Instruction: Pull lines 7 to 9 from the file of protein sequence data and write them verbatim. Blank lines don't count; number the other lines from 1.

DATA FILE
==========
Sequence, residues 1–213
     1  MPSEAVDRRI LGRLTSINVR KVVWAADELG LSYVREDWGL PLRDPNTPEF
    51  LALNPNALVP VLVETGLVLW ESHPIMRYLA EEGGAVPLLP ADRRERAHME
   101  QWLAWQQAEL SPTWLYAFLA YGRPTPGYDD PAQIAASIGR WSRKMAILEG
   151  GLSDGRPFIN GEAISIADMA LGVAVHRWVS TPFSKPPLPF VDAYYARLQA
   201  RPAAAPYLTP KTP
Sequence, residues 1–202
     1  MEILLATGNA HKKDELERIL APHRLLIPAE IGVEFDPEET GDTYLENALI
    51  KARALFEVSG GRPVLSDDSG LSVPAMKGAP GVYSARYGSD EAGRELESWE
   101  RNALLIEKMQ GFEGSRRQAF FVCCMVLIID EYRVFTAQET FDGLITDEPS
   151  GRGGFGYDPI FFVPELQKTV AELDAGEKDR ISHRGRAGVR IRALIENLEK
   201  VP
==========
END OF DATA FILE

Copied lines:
Sequence, residues 1–202
     1  MEILLATGNA HKKDELERIL APHRLLIPAE IGVEFDPEET GDTYLENALI
    51  KARALFEVSG GRPVLSDDSG LSVPAMKGAP GVYSARYGSD EAGRELESWE